“Since launching ChatGPT people have been asking for ways to customize ChatGPT to fit specific ways that they use it,” the executives wrote. “We launched Custom Instructions in July that let you set some preferences, but requests for more control kept coming. Many power users maintain a list of carefully crafted prompts and instruction sets, manually copying them into ChatGPT. GPTs now do all of that for you.”

In its announcement, OpenAI showed a range of possibilities for GPTs, from tech advice to creative writing coaching to board game instructions.

ChatGPT Leads the Way

With ChatGPT, OpenAI immediately accelerated the push behind generative AI that fueled the development of similar tools, including Google’s Bard, the Meta AI assistant and the Bing Chat from Microsoft, which has invested more than $10 billion in OpenAI and is using its AI technologies in a range of products and services.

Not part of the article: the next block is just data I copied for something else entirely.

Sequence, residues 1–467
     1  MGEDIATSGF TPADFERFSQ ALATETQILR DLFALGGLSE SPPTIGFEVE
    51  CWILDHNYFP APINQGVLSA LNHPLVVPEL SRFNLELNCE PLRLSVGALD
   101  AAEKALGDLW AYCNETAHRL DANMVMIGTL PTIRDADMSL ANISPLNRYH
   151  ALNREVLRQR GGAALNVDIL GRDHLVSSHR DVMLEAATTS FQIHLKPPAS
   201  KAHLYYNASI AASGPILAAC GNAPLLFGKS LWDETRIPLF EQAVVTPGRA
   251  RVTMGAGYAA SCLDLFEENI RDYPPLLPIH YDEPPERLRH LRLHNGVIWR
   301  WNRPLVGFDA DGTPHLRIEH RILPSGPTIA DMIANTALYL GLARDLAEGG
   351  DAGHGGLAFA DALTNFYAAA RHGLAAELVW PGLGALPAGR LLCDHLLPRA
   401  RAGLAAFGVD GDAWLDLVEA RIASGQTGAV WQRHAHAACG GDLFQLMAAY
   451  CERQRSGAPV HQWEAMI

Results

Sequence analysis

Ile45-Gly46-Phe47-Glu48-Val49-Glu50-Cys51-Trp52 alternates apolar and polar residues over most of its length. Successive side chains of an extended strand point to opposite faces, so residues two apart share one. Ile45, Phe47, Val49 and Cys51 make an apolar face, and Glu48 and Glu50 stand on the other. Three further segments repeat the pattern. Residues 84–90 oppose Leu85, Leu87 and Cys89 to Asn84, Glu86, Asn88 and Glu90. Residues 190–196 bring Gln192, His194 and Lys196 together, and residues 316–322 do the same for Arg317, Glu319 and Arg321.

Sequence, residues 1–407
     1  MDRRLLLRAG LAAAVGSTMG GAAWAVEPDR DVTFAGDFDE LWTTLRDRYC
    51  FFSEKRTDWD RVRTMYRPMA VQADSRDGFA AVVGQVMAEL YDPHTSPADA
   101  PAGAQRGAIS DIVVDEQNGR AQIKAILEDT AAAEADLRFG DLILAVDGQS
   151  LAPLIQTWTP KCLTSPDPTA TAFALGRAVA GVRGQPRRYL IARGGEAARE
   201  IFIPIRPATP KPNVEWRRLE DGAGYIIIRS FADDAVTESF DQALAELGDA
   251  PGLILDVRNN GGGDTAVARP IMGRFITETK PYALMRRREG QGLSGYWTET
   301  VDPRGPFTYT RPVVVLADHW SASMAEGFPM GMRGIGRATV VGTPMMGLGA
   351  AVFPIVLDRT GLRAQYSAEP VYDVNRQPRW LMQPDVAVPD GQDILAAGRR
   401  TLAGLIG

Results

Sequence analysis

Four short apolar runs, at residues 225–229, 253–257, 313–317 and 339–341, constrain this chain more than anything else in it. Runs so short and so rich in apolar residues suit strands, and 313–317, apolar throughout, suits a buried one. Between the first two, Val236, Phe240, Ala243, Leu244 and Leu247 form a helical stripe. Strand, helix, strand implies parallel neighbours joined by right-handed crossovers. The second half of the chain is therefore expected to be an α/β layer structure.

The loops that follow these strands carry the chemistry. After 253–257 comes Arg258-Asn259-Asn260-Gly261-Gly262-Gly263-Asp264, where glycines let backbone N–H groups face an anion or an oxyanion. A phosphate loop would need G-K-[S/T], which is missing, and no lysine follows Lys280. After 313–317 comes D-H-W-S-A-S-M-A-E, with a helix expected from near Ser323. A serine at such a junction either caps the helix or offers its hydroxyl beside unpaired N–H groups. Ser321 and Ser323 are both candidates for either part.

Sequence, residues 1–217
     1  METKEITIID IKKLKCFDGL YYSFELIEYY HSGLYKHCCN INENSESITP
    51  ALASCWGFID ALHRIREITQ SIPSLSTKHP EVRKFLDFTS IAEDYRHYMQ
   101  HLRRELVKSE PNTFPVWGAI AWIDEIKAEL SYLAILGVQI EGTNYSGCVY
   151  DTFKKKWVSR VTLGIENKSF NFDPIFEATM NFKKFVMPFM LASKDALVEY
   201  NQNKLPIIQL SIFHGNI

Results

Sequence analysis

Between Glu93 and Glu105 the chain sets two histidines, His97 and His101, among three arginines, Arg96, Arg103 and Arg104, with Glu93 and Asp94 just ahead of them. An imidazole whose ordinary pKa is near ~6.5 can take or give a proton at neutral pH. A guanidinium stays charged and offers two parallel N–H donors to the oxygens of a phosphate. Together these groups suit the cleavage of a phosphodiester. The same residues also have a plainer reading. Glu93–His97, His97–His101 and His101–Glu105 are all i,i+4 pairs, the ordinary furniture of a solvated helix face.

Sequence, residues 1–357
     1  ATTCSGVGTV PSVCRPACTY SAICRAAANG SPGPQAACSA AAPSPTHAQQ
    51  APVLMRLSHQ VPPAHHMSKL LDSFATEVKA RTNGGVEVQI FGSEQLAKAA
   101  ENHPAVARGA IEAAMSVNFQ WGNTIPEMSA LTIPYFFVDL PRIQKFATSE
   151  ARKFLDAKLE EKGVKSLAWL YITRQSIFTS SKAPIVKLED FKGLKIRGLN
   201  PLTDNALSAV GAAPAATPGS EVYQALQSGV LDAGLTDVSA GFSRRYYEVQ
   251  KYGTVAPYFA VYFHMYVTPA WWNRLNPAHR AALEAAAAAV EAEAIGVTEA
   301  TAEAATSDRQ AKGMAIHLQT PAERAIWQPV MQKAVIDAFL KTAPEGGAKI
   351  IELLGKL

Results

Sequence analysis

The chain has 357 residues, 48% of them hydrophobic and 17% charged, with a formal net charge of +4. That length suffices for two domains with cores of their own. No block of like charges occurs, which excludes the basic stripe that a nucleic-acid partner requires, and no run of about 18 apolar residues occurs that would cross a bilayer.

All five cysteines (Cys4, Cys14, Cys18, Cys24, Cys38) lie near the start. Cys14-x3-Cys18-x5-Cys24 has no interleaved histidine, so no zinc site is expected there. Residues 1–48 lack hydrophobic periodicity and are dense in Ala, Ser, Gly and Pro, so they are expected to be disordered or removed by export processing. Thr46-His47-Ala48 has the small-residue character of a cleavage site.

ChatGPT’s popularity is undeniable. It at one point was the fastest-growing app ever and CEO Sam Altman told DevDay attendees that is now has 100 million users each week. The new platform for creating custom GPTs and the upcoming app store are designed to add value to ChatGPT and increase the number of users.

The GPT Store will feature offerings from verified builders and GPTs in the store will be searchable. They also could climb leaderboards to highlight the most popular GPTs and another feature will spotlight some in such categories like productivity, education, and “just for fun.”